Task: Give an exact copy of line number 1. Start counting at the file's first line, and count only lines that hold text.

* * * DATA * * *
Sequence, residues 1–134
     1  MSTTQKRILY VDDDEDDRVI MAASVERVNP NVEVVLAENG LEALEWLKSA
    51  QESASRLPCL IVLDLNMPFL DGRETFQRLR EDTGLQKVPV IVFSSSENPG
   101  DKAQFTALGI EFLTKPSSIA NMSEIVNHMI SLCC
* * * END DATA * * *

Sequence, residues 1–134